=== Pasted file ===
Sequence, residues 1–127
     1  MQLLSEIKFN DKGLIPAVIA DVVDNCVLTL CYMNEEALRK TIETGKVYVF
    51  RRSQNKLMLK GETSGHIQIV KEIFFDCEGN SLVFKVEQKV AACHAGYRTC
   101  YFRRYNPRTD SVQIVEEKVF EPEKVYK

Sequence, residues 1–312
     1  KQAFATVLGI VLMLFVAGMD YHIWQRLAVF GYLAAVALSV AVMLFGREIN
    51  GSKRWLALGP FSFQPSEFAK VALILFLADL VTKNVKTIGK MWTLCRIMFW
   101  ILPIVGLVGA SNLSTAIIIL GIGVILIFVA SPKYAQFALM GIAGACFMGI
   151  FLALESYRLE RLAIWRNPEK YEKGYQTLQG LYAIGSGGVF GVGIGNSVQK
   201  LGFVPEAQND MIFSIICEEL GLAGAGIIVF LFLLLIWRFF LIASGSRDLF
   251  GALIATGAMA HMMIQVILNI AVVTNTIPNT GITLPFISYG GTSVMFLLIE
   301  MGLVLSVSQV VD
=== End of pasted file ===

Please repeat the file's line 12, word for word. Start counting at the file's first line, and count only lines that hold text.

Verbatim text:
   301  MGLVLSVSQV VD